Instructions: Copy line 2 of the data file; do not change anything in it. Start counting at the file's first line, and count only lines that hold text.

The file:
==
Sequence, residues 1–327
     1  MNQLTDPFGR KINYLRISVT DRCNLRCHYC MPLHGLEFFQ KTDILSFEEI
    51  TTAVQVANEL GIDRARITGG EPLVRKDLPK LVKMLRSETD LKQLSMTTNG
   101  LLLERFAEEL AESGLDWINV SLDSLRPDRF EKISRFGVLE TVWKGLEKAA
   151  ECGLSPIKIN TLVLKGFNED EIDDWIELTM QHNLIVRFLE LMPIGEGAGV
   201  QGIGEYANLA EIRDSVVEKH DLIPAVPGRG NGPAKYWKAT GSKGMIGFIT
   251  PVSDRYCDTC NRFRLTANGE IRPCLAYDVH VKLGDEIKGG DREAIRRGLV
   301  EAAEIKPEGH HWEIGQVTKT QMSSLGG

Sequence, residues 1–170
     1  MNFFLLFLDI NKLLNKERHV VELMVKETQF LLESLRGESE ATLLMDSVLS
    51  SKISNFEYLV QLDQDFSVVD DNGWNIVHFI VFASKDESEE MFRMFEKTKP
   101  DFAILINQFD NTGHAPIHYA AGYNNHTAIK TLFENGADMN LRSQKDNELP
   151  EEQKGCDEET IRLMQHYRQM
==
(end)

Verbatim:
     1  MNQLTDPFGR KINYLRISVT DRCNLRCHYC MPLHGLEFFQ KTDILSFEEI